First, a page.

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At a time when biodiversity and the environment are considered “abstract” or “rich people’s problems” by most, the Lebanon Eco Movement thought otherwise in their “Biodiversity National Dialogue” event, organized alongside the Institut Français on Friday, December 15.

Lebanon’s biodiversity has been heavily affected following the tensions that have been taking place in the south between Hezbollah and Israel since October 8, leading to fires in forests and ruining huge green landscapes.

“The elements or the molecules that are being hit upon us keep the damage not only at the time of the bombing but for like 10 years later,” commented Sandra Sleiman, Project Manager at the Lebanon Eco Movement in the Biodiversity Department. “We know that from 2006. People couldn’t utilize agricultural lands because of phosphorus contamination in their soils and the loss of their fertility.”

Under the banner of “Le Liban, Trésor de Biodiversité”, the event brought together experts, activists, Ministers and stakeholders to discuss and strategize on safeguarding Lebanon’s unique ecosystems.

Formed in 2012 by local NGOs, the Lebanon Eco Movement is now a network of over 60 environmental organizations. Together, they tackle Lebanon’s environmental challenges, aiming to preserve its natural and cultural heritage and promote a sustainable environment.

The event commenced with a word from the Caretaker Minister of Environment, Dr. Nasser Yassine. He stressed, “It is essential for the generation to believe that protecting biodiversity can create economic activity.” Yassine mentioned that, according to a study that was conducted in 2015 by the Shouf Biosphere Reserve, it was proven that for every $1 spent in the Shouf, $19 in revenue was generated.

A thought-provoking session led by Dr. Jean Stephan, Professor of Conservation and Management of Natural Resources, was followed. He engaged the audience in an open dialogue on Lebanon’s biodiversity hotspots. The discussion aimed at meeting Kunming agreement target 3 (30×30) set in COP15 and encouraging recommendations in line with Aichi target 11.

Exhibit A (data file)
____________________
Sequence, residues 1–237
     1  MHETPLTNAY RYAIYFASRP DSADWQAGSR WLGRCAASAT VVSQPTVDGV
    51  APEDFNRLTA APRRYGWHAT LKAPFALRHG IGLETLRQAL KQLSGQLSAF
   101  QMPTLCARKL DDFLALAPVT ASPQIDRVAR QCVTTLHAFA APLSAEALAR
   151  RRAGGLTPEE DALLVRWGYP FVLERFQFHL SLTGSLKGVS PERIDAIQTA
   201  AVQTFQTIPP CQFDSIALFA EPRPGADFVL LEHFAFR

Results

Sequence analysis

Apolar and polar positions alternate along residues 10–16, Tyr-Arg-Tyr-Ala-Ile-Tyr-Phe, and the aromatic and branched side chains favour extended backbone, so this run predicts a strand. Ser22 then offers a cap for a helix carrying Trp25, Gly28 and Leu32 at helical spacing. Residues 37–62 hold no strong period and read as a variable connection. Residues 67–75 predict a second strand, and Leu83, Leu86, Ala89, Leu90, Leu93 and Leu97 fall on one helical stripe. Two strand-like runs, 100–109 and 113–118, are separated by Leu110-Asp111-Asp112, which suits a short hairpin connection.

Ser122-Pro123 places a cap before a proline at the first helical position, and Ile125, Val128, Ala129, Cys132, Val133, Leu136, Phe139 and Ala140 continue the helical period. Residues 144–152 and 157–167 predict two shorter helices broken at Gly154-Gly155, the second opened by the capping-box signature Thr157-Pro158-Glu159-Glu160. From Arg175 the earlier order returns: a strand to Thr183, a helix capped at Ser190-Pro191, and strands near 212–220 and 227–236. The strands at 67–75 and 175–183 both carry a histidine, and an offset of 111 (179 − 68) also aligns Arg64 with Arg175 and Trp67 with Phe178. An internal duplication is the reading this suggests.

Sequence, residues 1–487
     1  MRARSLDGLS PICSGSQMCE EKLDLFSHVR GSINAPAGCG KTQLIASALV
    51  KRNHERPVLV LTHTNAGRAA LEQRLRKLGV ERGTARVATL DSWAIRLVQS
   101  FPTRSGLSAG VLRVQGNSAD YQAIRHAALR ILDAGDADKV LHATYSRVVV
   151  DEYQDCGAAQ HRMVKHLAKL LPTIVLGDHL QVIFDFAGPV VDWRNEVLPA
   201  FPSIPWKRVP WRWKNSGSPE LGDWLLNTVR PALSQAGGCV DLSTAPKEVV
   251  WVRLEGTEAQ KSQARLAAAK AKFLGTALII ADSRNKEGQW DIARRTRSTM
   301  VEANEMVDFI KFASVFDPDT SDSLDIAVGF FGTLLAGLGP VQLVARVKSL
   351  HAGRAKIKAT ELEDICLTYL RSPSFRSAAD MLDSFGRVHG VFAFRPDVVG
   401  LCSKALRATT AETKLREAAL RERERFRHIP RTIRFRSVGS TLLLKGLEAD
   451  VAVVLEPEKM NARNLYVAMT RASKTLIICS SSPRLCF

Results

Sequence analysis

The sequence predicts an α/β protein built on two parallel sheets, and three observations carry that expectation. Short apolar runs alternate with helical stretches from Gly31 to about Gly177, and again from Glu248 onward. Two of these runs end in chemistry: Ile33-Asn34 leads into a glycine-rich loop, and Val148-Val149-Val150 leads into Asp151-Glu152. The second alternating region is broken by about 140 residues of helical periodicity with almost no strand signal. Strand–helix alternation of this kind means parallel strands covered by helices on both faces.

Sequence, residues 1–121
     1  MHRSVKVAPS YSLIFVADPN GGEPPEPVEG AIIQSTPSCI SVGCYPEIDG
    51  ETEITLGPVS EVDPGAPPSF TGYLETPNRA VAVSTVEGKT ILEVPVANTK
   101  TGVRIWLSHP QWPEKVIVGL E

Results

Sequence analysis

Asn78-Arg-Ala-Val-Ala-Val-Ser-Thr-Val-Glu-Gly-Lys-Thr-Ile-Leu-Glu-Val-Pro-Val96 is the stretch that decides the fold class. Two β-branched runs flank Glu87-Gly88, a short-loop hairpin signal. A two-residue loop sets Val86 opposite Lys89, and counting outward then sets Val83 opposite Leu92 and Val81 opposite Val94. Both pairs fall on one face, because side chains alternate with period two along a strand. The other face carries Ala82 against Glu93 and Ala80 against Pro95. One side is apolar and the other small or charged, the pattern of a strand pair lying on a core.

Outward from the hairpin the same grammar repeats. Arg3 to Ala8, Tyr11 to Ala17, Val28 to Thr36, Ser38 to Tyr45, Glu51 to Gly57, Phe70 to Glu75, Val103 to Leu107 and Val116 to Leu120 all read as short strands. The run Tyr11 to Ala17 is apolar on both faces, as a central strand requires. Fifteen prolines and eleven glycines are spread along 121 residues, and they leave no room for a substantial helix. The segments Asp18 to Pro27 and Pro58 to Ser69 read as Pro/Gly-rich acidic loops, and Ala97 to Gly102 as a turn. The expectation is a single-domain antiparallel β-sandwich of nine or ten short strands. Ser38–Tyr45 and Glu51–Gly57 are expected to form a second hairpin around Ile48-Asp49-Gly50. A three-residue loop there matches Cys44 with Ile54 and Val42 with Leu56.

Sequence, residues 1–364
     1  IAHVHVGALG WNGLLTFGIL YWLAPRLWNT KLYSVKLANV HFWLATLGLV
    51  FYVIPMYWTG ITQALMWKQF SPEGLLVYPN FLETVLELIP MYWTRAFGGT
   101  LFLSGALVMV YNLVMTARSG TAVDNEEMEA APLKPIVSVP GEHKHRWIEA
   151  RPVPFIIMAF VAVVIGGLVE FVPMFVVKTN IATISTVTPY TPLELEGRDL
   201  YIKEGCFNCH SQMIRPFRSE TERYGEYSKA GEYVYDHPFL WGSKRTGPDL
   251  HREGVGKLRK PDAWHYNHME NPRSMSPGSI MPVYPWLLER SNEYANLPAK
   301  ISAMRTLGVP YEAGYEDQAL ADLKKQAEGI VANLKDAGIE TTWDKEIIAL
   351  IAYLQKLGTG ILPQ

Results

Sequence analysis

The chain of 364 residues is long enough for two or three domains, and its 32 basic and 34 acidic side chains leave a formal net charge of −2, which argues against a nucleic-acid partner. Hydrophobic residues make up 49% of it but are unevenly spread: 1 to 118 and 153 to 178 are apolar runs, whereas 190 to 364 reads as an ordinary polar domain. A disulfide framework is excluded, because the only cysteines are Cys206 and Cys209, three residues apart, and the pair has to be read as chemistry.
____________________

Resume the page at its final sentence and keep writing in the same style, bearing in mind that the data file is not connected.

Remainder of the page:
Target 11 pertains to designated regions and various effective conservation measures based on specific areas. These areas encompass not just stringent protection zones but also those that permit sustainable utilization agreeing to safeguard species, habitats and ecosystem processes.

A significant highlight of the event was also the National Biodiversity Strategy and Action Plan (NBSAP) round tables, focusing on key national targets. Divided into thematic areas such as communication and public awareness, access and benefit sharing, policy integration, and research and knowledge transfer, these discussions were led by experts in the respective fields.

In an interview, French diplomat Mathilde Pousse reiterated what Sabine Scortino, Director of Institut Français, said in her short speech at the beginning, “Lebanon is 0.007% of the world’s surface, but it’s 2.7% of mammals, reptiles, and terrestrials. So it’s huge. It’s a hot spot. And from this, you can build, first, a sense of astonishment and a sense of gratitude for this beauty and diversity.”

A distinguished panel, moderated by Mostapha Raad, a Lebanese journalist with experience covering social and environment-related issues, featured a negotiator to COP16 from Lebanon and two key figures in biodiversity conservation. They shared insights into Lebanon’s commitment on the global stage.

The conference concluded with a vibrant closing ceremony, featuring the announcement of a photo contest and the handing of prizes and certificates.